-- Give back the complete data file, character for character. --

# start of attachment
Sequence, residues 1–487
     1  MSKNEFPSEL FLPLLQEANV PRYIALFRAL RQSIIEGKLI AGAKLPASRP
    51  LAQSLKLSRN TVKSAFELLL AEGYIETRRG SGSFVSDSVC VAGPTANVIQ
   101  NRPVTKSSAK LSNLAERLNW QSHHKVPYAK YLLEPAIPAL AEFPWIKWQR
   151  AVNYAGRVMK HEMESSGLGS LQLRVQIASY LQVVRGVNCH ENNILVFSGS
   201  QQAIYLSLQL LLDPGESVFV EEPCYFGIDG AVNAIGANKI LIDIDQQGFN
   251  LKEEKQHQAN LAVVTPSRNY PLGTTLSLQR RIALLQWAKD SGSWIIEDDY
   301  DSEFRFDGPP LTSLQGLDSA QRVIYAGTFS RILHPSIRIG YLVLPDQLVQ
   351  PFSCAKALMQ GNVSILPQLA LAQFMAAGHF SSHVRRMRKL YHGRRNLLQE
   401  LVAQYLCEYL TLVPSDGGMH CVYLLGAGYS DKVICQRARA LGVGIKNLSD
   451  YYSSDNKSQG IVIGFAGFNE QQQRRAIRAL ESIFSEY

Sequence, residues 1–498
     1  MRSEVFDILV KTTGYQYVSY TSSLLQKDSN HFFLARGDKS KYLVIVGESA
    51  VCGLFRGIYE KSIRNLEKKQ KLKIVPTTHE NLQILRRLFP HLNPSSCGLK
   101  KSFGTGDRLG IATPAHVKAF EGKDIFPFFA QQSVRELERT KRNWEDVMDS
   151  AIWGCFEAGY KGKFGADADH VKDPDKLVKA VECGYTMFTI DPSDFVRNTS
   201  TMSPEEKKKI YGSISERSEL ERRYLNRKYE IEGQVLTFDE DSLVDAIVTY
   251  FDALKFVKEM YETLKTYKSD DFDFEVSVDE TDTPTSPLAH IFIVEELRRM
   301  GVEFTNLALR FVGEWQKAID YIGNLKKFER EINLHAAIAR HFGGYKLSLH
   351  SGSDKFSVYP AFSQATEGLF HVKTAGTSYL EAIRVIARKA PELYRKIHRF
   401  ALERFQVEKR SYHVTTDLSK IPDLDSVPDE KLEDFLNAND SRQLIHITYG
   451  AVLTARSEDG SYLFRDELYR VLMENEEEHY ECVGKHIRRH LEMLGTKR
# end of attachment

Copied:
Sequence, residues 1–487
     1  MSKNEFPSEL FLPLLQEANV PRYIALFRAL RQSIIEGKLI AGAKLPASRP
    51  LAQSLKLSRN TVKSAFELLL AEGYIETRRG SGSFVSDSVC VAGPTANVIQ
   101  NRPVTKSSAK LSNLAERLNW QSHHKVPYAK YLLEPAIPAL AEFPWIKWQR
   151  AVNYAGRVMK HEMESSGLGS LQLRVQIASY LQVVRGVNCH ENNILVFSGS
   201  QQAIYLSLQL LLDPGESVFV EEPCYFGIDG AVNAIGANKI LIDIDQQGFN
   251  LKEEKQHQAN LAVVTPSRNY PLGTTLSLQR RIALLQWAKD SGSWIIEDDY
   301  DSEFRFDGPP LTSLQGLDSA QRVIYAGTFS RILHPSIRIG YLVLPDQLVQ
   351  PFSCAKALMQ GNVSILPQLA LAQFMAAGHF SSHVRRMRKL YHGRRNLLQE
   401  LVAQYLCEYL TLVPSDGGMH CVYLLGAGYS DKVICQRARA LGVGIKNLSD
   451  YYSSDNKSQG IVIGFAGFNE QQQRRAIRAL ESIFSEY

Sequence, residues 1–498
     1  MRSEVFDILV KTTGYQYVSY TSSLLQKDSN HFFLARGDKS KYLVIVGESA
    51  VCGLFRGIYE KSIRNLEKKQ KLKIVPTTHE NLQILRRLFP HLNPSSCGLK
   101  KSFGTGDRLG IATPAHVKAF EGKDIFPFFA QQSVRELERT KRNWEDVMDS
   151  AIWGCFEAGY KGKFGADADH VKDPDKLVKA VECGYTMFTI DPSDFVRNTS
   201  TMSPEEKKKI YGSISERSEL ERRYLNRKYE IEGQVLTFDE DSLVDAIVTY
   251  FDALKFVKEM YETLKTYKSD DFDFEVSVDE TDTPTSPLAH IFIVEELRRM
   301  GVEFTNLALR FVGEWQKAID YIGNLKKFER EINLHAAIAR HFGGYKLSLH
   351  SGSDKFSVYP AFSQATEGLF HVKTAGTSYL EAIRVIARKA PELYRKIHRF
   401  ALERFQVEKR SYHVTTDLSK IPDLDSVPDE KLEDFLNAND SRQLIHITYG
   451  AVLTARSEDG SYLFRDELYR VLMENEEEHY ECVGKHIRRH LEMLGTKR